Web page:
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Lumbar Fusion

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Lumbar Fusion


What Is Lumbar Fusion?

Lumbar fusion is a type of surgery that is also called spondylodesis. It is a neurosurgical technique that involves joining at least two vertebrae together. After the surgery, the fused discs of the spine will move together instead of acting like separate discs. This surgery is called lumbar fusion because it is done along the lumbar region of the spine. The lumbar spine is the lower part of the back where it curves towards your abdomen, and it is particularly prone to getting damaged.


What Diagnoses Require Lumbar Fusion?

Lumbar fusion is generally done to make the spine more stable. It can ensure that spinal discs are not slipping and putting pressure on the spinal cord or nerves along the spinal cord. The path to diagnosis for a patient who needs lumbar fusion typically starts when a person visits the doctor for back pain. The doctor will perform various tests and eventually diagnose a patient with a spine condition. You may try some other treatments first, but if they do not alleviate the issue, the doctor may suggest a spinal fusion.

Diagnoses that may require a spinal fusion include:

  • Degenerative disc disease
  • Spinal tumors
  • Back fractures
  • Scoliosis
  • Kyphosis
  • Spinal disc herniation

What Happens During Lumbar Fusion Treatment?

Lumbar fusion is a surgery that will involve general anesthetic. Depending on your unique situation, the doctor may access your spine from an incision along the front, side, or back. Typically, only two vertebral segments will be fused, but some patients with lumbar deformities may need more fusions during the treatment. Lumbar fusion will graft a small piece of bone material between the vertebrae to fuse them together. Some patients may also need additional grafts to stabilize the vertebrae further. Your bone graft may be harvested from your own hip, a donation from a bone bank, or an artificial material of ceramic or calcium. To keep the spine still during recovery, the surgeon may include some metal screws or rods.


What Is the Treatment Recovery Process?

Recovery for a lumbar fusion will require a lot of time for the bone grafts to become solid and fuse with the vertebrae. Most people need painkillers at first, but pain will typically cease about four weeks after the surgery. During your recovery, you will need physical therapy to keep your spine correctly aligned. You may need to wear a back brace for up to three months, and it may be six weeks before you can start doing short walks and more strenuous activity. Complete recovery normally takes about eight months, and patients need to keep exercising to get a healthy back.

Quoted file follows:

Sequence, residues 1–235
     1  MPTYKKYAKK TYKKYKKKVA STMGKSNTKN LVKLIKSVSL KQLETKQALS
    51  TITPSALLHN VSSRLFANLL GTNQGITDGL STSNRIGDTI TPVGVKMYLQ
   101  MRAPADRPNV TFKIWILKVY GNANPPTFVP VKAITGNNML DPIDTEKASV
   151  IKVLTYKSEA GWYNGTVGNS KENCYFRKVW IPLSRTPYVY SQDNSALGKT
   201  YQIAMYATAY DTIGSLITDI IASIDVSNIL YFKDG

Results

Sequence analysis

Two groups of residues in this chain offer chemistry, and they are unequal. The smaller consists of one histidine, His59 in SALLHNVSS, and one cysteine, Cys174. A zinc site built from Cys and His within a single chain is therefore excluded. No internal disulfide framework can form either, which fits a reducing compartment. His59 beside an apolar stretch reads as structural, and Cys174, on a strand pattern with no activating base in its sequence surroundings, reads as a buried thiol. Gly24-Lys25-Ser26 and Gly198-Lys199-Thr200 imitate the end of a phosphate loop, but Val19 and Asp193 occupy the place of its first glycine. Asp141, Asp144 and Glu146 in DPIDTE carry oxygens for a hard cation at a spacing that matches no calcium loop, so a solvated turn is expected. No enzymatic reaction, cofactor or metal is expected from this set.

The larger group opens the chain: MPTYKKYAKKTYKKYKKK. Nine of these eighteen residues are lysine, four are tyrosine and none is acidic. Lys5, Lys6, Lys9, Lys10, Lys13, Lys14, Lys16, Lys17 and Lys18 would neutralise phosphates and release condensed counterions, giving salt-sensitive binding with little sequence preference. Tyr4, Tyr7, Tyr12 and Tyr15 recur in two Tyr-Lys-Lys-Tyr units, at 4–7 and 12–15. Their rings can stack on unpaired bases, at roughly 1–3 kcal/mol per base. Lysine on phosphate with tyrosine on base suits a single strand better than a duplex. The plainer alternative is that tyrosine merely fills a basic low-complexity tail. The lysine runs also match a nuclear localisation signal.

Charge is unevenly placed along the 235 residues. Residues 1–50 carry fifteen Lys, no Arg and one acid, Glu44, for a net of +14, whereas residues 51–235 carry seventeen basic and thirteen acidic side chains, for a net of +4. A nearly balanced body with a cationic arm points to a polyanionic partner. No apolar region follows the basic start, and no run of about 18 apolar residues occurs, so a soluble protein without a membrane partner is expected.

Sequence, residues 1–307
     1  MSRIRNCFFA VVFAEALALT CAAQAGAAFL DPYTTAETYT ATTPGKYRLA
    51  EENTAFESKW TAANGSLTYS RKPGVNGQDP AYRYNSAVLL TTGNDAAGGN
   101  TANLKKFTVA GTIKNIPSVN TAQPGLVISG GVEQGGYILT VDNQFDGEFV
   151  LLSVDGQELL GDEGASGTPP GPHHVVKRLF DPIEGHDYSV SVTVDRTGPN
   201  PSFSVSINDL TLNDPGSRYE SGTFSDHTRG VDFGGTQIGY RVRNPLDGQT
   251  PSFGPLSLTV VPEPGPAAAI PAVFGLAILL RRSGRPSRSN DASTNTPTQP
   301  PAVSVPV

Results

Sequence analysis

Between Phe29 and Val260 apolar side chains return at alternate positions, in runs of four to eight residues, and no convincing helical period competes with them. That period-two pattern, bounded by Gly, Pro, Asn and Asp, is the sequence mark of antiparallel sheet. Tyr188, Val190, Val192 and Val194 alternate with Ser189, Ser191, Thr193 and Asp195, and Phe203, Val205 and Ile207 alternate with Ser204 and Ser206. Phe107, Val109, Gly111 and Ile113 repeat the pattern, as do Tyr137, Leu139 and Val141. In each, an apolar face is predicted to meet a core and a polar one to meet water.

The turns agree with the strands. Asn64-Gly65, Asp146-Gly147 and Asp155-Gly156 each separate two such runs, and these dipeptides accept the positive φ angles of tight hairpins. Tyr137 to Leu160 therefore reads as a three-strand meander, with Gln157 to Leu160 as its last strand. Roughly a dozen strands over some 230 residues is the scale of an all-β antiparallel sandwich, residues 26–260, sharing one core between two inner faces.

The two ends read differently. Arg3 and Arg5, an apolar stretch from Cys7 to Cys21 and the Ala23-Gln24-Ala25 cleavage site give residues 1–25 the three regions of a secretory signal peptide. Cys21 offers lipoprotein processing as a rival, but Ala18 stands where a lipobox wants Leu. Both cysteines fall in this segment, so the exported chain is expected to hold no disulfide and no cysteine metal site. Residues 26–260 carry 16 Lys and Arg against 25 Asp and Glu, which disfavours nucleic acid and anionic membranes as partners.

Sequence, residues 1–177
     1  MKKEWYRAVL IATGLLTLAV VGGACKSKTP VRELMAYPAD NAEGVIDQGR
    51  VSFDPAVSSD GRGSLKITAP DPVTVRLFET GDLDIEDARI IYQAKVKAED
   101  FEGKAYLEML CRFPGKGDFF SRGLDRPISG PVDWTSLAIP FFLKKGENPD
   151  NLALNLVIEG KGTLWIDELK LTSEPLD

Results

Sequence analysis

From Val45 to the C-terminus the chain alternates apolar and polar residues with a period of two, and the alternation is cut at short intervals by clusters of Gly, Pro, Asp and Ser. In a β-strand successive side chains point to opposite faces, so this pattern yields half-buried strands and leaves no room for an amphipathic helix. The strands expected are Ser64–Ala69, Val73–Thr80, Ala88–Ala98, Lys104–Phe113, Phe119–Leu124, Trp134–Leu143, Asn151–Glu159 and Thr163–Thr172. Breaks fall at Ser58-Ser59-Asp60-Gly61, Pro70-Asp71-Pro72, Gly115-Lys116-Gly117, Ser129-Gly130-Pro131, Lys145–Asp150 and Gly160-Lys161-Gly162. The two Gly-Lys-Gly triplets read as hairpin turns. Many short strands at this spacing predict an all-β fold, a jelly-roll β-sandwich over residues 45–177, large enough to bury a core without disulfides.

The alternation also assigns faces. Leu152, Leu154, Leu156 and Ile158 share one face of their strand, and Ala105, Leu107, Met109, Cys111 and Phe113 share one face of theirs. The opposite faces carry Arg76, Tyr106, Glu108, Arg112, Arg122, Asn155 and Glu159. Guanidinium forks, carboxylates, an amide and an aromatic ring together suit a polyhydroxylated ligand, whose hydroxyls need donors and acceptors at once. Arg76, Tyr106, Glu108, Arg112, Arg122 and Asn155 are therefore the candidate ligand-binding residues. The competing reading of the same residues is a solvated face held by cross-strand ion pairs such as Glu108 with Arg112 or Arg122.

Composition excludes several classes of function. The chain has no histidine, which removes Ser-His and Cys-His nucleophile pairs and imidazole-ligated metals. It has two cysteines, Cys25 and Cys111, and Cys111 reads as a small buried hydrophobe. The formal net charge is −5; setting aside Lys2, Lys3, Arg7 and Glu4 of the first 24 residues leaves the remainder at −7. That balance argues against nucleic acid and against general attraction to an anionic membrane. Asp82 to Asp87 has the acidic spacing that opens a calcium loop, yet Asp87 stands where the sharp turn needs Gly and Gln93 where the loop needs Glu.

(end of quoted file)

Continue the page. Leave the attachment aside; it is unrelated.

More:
Why Should You Choose Treasure Valley Hospital For the Surgery?

Treasure Valley Hospital is the number one physician-owned hospital in Idaho, so you can be confident that you are getting the best treatment possible during your spinal fusion. After getting assistance from our talented surgical team, our recovery and post-anesthesia care unit will assist you in recovering from your lumbar fusion. If your doctor recommends an overnight stay at TVH, you will receive top-notch personalized care from our experienced Inpatient Unit nurses and superb, made-to-order food from our cafeteria. Before being discharged, you will meet with a physical therapist to discuss the best way to move your body during the recovery process.


How do I prepare for this type of surgery?

This information is not intended to replace the advice of your doctor.

  • Your doctor or pre-admission nurse may tell you to stop taking certain medications, vitamins and dietary supplements prior to your surgery.
  • Do not eat anything after midnight the day before surgery.
  • Shower or bathe the morning of your surgery according to directions given at your pre-admission appointment.
  • Do not shave the surgical area prior to arriving at the hospital for your procedure.
  • Wear comfortable, loose-fitting clothing and slip-on shoes.
  • Do not wear makeup, perfume/aftershave, lotion, or deodorant.
  • Do not wear jewelry.
  • Leave all valuables at home.
  • If you wear contact lenses, bring an appropriate storage container for them and a pair of glasses to use pre- and post-surgery.
  • Bring these supplies if they apply to you:
    • Insulin
    • Rescue Inhaler
    • CPAP
    • Dental Device
  • Arrange ahead of time for a family member or friend to drive you home from the hospital after surgery.

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